Benefits and key features
Certificates are a safe way for MIT web applications to identify you without you needing to type in a username and password.
Personal certificates expire every year on July 31 and must be renewed annually. The MIT Certificate Authority (CA) is valid until August 2026.
To access MIT's secure web servers you actually need two different types of certificates: the MIT CA (Certification Authority), and your MIT personal certificate.
The MIT Certificate Authority (MIT CA) authenticates the secure web server to your computer. They are valid for several years.
Note: Browsers come with a group of other certificate signers (also known as certificate or root authorities) pre-installed; you are adding the MIT Certification Authority to this group.
Your MIT Personal Certificate authenticates you and your computer to the web page or application you are accessing. It is "signed" by the MIT CA and associates you with your Kerberos username and password, proving to the secure web server that you are who you claim to be.
Before obtaining certificates, make sure you have the following:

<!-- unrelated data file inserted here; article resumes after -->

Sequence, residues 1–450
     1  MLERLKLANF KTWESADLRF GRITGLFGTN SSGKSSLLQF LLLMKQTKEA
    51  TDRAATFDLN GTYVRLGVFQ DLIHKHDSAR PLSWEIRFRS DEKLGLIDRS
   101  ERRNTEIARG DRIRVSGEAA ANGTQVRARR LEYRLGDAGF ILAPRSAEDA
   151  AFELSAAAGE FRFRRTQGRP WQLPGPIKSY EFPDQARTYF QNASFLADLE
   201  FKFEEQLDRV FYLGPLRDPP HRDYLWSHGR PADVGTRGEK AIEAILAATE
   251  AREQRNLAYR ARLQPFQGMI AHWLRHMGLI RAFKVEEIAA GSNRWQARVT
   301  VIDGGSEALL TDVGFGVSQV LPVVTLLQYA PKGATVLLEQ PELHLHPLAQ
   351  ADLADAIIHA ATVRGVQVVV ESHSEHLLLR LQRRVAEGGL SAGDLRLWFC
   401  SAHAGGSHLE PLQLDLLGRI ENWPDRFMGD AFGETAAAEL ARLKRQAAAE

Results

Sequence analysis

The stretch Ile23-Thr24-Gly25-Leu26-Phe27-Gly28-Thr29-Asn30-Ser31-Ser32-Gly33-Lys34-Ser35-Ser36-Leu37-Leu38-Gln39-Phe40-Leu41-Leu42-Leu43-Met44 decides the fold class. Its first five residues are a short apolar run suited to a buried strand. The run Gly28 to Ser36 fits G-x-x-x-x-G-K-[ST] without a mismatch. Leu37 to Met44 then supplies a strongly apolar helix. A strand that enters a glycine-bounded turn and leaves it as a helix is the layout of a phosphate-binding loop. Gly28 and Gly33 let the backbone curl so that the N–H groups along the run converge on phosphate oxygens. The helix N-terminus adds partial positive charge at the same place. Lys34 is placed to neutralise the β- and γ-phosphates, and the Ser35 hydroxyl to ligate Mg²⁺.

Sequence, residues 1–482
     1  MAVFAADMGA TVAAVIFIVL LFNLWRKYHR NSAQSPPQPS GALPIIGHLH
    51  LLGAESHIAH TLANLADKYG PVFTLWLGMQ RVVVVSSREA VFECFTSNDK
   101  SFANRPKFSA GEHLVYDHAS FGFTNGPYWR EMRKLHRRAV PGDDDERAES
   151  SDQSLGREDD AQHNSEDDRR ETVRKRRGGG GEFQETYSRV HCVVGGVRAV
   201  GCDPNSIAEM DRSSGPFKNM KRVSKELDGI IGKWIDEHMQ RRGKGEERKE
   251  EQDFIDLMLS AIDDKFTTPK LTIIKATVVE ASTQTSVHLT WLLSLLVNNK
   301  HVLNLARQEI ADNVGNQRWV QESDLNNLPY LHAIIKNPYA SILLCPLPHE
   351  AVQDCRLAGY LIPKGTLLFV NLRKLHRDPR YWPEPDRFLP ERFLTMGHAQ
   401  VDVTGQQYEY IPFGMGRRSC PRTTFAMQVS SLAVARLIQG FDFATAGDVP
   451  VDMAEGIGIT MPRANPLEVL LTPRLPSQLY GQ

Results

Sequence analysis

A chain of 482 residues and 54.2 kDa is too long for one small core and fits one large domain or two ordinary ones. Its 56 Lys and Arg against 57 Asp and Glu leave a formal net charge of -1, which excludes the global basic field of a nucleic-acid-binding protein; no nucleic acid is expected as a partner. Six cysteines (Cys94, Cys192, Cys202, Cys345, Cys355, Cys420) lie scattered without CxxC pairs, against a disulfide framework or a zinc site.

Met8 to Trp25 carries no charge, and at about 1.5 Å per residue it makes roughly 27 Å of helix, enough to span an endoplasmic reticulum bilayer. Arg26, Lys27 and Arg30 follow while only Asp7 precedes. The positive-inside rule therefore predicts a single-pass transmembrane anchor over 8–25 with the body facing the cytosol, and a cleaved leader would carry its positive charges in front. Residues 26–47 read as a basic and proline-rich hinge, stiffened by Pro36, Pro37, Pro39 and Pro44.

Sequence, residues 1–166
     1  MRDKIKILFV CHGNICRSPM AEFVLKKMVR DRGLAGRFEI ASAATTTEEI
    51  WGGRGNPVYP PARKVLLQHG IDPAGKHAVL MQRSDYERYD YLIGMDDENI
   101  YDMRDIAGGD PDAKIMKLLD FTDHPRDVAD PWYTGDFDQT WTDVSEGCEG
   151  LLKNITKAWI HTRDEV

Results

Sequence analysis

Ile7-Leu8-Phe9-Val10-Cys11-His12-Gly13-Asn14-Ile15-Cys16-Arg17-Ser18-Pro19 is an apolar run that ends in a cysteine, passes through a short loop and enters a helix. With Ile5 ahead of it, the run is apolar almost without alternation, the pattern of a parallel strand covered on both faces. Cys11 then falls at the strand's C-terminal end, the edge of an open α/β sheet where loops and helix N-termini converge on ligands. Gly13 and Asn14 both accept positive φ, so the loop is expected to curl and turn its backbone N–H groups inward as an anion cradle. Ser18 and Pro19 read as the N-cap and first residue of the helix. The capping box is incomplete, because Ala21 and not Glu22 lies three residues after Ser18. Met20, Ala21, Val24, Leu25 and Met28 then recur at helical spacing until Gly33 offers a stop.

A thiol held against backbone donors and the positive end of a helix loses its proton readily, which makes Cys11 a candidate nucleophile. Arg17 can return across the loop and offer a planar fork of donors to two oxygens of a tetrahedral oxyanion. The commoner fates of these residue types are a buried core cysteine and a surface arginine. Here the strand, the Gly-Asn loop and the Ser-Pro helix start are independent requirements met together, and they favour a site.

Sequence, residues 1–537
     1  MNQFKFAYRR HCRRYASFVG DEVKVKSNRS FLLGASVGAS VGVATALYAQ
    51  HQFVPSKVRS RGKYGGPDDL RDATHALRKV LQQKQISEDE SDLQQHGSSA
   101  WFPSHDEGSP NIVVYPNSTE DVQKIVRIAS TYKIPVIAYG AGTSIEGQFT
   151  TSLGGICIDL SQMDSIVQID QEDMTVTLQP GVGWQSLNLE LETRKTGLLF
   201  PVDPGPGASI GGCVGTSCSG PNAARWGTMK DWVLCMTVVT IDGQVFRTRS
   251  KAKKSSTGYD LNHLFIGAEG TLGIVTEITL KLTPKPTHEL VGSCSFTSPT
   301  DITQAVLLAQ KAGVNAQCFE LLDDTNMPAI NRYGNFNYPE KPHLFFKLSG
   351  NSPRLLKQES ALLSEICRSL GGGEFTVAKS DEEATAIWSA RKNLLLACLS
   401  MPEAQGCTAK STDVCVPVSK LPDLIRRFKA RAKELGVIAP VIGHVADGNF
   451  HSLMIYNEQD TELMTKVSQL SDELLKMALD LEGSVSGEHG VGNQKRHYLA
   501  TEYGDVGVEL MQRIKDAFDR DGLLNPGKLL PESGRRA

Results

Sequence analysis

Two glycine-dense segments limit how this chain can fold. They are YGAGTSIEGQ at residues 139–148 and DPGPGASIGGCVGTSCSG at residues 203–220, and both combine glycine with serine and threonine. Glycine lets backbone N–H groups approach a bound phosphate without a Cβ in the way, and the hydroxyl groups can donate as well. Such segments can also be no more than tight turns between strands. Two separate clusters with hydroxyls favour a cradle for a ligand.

- Your MIT ID number
- Your Kerberos username and password
- An MIT-supported web browser installed on each computer for which you are getting certificates
- Note: You will be required to change your Kerberos password during certificate renewal if your existing password is older than one year.
Install/Renew using CertAid (Recommended):
We strongly recommend using CertAid to configure your certificates for Chrome, Internet Explorer, and Safari. It manages the entire certificate setup procedure, giving you a more reliable installation experience. The setup procedure includes installing the MIT CA as well as your personal certificate.